What: Madama Butterfly
Where: Royal Theatre
When: Tonight, April 15, 17, 19
Rating: 4 1/2 (out of five)
If art and passion alchemize in exactly the right way, it can provide soul-stirring moments of transcendence.
When this happens, it’s marvellous, reminding even the most jaded theatre-goer why we make the effort.
Such is the case with Pacific Opera Victoria’s new production of Madama Butterfly. The company has already enjoyed considerable artistic success this season with worthwhile stagings of Das Rheingold and Lucia di Lammermoor. Yet nothing topped the thrills offered by Madama Butterfly on opening night, particularly those provided by the young singer in the title role.
Korean soprano Jee Hye Han is making her North American debut as Cio-Cio San (Butterfly). On Thursday, the audience leapt to its feet when Han appeared at curtain call, reserving for her its most enthusiastic applause. And no wonder — she’s a terrific performer with the kind of big, creamy voice that works so well for Puccini. What’s more, Han was able to fully convey Butterfly’s strange, passive tragedy.
The story is a Westerner’s fantasy: a docile Asian girl loves an American cad, no matter what. Societal attitudes regarding women and race have shifted since this opera debuted in 1904 and this creates a problem for contemporary stagings of Madama Butterfly. The challenge is to make today’s theatre-goer forget social politics by seducing us with the opera’s pathos and beauty.
Pacific Opera Victoria has more or less managed this. It’s a traditional adaptation, with a stage-wide recreation of a Japanese home and a full-size cherry-blossom tree. The costumes are well-cut and tasteful, particularly the pastel-coloured kimonos. Diana Leblanc’s direction reveals the story in a detailed and thoughtful way, even though it doesn’t overcome the static quality of Butterfly’s seemingly never-ending overnight vigil.
The Victoria Symphony played vigorously under Giuseppe Pietraroia’s baton, although the volume occasionally drowned out the singing.
The aria everyone anticipates is one of opera’s most famous. Butterfly rhapsodically imagines Pinkerton’s return after three years with Un bel di, a poetic fantasy that describes the wisp of smoke that will plume as his white ship enters the harbour.
The heartbreaking way Han delivered Un bel di captured the opera’s contrasting elements: Butterfly’s tremendous love and loyalty to Pinkerton . . . and also the fact her affections are doomed. Here and elsewhere, the soprano seemed perfectly suited, displaying a seamless legato line, her notes rounded and velvety. Blessed with a naturally beautiful voice, Han exhibited superior command of technique. She’s one of those singers who makes it sound effortless and she projected well, her buttery voice displaying thrilling heft in dramatic passages.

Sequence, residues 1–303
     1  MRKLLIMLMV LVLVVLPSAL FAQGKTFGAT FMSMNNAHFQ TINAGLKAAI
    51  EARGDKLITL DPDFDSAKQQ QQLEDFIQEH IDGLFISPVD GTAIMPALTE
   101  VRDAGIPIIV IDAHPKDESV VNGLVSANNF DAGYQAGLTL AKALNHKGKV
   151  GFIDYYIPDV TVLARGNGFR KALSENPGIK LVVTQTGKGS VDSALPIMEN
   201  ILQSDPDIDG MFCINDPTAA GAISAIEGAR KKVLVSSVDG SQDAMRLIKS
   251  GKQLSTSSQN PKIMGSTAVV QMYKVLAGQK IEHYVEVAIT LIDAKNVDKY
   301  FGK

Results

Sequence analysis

A handsome young singer, tenor Adam Luther seemed sensibly cast as Pinkerton, although he didn’t quite match the high-octane thrills provided by his co-lead. Among his best moments was the extended love duet with Butterfly, Viene la sera, which saw them affectionately caressing each other’s faces. And Luther convincingly conveyed Pinkerton’s deep remorse near the end of the opera.
Some of the evening’s most fervent applause went to the mezzo-soprano Armine Kassabian. Singing Butterfly’s maid, Suzuki, Kassabian is not only a strong singer but a superior actress. Her reactions to Butterfly’s betrayal (she learns of it before her mistress does) provide a powerful framework for the story, giving it even greater magnitude.
The care with which Leblanc directed this opera is manifested in many ways: the elegant simplicity of the movement; the fleeting dance-like sequences; and the formality with which Butterfly’s robes were removed on the wedding night, conveying her vulnerability and misplaced trust as much as anything.
The heroine’s famous night-long wait for Pinkerton boasted stunning visual flourishes (Alan Brodie oversaw the lighting, Patrick Clark did the set and costumes). That said, I wasn’t sure about a silhouetted tableaux during this scene, which seems stilted.
Overall, Madama Butterfly works well. Despite its naturalistic look, the production came across as a gorgeous antique fantasy, an intoxicating dream that — buoyed by the beauty of Puccini’s melodies — engages all our senses.